Rahul Radhakrishnan Iyer, Jing Chen, Haonan Sun, Keyang Xu

Social Media has seen a tremendous growth in the last decade and is continuing to grow at a rapid pace. With such adoption, it is increasingly becoming a rich source of data for opinion mining and sentiment analysis. The detection and analysis of sentiment in social media is thus a valuable topic and attracts a lot of research efforts. Most of the earlier efforts focus on supervised learning approaches to solve this problem, which require expensive human annotations and therefore limits their practical use. In our work, we propose a semi-supervised approach to predict user-level sentiments for specific topics. We define and utilize a heterogeneous graph built from the social networks of the users with the knowledge that connected users in social networks typically share similar sentiments. Compared with the previous works, we have several novelties: (1) we incorporate the influences/authoritativeness of the users into the model, 2) we include comment-based and like-based user-user links to the graph, 3) we superimpose multiple heterogeneous graphs into one thereby allowing multiple types of links to exist between two users.

* 6 pages, 1 figure 
  
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KinGDOM: Knowledge-Guided DOMain adaptation for sentiment analysis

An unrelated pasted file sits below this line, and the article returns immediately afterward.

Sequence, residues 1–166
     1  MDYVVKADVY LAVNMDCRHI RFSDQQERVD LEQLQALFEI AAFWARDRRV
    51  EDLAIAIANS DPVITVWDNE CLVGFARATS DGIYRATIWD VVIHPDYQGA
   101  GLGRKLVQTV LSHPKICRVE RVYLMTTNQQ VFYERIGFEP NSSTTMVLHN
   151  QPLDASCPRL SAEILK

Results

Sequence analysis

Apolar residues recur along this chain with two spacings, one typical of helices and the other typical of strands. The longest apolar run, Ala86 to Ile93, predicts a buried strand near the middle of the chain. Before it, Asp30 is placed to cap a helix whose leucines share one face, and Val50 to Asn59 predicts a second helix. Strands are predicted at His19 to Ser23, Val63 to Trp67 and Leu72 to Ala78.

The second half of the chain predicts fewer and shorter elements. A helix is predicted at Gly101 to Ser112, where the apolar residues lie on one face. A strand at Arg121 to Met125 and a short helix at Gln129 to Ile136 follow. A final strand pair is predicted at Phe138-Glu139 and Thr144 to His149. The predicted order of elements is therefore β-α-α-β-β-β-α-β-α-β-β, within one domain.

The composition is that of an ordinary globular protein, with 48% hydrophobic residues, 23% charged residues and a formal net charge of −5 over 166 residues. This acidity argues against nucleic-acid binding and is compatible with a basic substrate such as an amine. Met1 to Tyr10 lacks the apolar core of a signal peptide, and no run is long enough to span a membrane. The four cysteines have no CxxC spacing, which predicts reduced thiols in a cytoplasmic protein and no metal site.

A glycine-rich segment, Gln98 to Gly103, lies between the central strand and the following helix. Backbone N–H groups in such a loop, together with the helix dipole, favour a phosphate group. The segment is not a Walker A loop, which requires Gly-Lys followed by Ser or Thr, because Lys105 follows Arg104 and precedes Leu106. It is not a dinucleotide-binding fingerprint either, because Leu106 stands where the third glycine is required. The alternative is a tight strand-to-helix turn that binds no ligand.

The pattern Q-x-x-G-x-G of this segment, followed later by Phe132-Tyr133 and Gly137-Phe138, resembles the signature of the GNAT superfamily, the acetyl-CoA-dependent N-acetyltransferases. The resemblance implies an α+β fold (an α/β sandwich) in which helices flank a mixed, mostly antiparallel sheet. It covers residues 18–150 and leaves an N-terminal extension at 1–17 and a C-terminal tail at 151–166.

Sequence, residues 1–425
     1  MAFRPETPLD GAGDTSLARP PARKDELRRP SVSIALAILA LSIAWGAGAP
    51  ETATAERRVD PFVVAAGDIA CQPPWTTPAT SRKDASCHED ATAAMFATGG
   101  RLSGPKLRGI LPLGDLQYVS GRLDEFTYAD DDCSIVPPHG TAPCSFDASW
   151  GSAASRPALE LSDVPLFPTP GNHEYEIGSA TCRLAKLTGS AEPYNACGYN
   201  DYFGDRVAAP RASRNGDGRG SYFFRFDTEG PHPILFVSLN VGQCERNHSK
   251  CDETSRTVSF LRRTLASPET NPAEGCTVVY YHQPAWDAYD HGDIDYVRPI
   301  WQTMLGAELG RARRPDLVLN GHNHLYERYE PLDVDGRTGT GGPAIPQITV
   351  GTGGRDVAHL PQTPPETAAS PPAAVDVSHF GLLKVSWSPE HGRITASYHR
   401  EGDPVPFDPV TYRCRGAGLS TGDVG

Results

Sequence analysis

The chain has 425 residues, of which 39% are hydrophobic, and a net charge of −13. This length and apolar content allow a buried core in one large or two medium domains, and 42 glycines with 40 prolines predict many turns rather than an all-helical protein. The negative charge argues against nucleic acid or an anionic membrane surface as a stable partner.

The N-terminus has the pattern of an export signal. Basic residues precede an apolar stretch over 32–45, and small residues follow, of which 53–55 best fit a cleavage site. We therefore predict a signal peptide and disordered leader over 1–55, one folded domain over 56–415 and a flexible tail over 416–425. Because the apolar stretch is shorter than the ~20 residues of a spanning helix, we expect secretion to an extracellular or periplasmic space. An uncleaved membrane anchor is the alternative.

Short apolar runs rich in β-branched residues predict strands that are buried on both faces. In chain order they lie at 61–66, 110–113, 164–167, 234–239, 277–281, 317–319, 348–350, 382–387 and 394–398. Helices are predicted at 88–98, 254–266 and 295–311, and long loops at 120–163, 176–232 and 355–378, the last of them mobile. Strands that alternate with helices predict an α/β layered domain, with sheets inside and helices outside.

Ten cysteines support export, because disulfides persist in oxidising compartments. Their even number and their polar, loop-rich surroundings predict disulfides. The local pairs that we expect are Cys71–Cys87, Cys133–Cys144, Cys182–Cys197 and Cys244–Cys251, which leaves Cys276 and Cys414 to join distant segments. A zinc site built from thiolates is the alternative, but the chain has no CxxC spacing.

May 11, 2020
Deepanway Ghosal, Devamanyu Hazarika, Abhinaba Roy, Navonil Majumder, Rada Mihalcea, Soujanya Poria

Cross-domain sentiment analysis has received significant attention in recent years, prompted by the need to combat the domain gap between different applications that make use of sentiment analysis. In this paper, we take a novel perspective on this task by exploring the role of external commonsense knowledge. We introduce a new framework, KinGDOM, which utilizes the ConceptNet knowledge graph to enrich the semantics of a document by providing both domain-specific and domain-general background concepts. These concepts are learned by training a graph convolutional autoencoder that leverages inter-domain concepts in a domain-invariant manner. Conditioning a popular domain-adversarial baseline method with these learned concepts helps improve its performance over state-of-the-art approaches, demonstrating the efficacy of our proposed framework.